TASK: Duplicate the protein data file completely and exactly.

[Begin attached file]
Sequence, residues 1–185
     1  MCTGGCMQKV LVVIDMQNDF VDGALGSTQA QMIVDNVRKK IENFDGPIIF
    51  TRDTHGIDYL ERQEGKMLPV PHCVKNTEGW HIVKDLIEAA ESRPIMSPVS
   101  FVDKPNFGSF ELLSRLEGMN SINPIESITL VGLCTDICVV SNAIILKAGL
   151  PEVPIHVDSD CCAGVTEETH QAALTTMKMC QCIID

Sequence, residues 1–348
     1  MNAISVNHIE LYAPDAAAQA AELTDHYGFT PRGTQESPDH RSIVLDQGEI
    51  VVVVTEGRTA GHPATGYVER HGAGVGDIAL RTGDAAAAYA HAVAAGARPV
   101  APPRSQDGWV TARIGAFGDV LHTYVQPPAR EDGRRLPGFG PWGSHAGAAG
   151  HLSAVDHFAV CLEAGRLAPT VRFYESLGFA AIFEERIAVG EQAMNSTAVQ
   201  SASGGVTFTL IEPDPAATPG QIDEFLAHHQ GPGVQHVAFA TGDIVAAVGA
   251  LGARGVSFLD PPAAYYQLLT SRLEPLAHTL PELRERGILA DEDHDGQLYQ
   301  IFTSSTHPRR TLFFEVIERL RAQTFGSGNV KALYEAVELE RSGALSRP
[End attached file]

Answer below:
Sequence, residues 1–185
     1  MCTGGCMQKV LVVIDMQNDF VDGALGSTQA QMIVDNVRKK IENFDGPIIF
    51  TRDTHGIDYL ERQEGKMLPV PHCVKNTEGW HIVKDLIEAA ESRPIMSPVS
   101  FVDKPNFGSF ELLSRLEGMN SINPIESITL VGLCTDICVV SNAIILKAGL
   151  PEVPIHVDSD CCAGVTEETH QAALTTMKMC QCIID

Sequence, residues 1–348
     1  MNAISVNHIE LYAPDAAAQA AELTDHYGFT PRGTQESPDH RSIVLDQGEI
    51  VVVVTEGRTA GHPATGYVER HGAGVGDIAL RTGDAAAAYA HAVAAGARPV
   101  APPRSQDGWV TARIGAFGDV LHTYVQPPAR EDGRRLPGFG PWGSHAGAAG
   151  HLSAVDHFAV CLEAGRLAPT VRFYESLGFA AIFEERIAVG EQAMNSTAVQ
   201  SASGGVTFTL IEPDPAATPG QIDEFLAHHQ GPGVQHVAFA TGDIVAAVGA
   251  LGARGVSFLD PPAAYYQLLT SRLEPLAHTL PELRERGILA DEDHDGQLYQ
   301  IFTSSTHPRR TLFFEVIERL RAQTFGSGNV KALYEAVELE RSGALSRP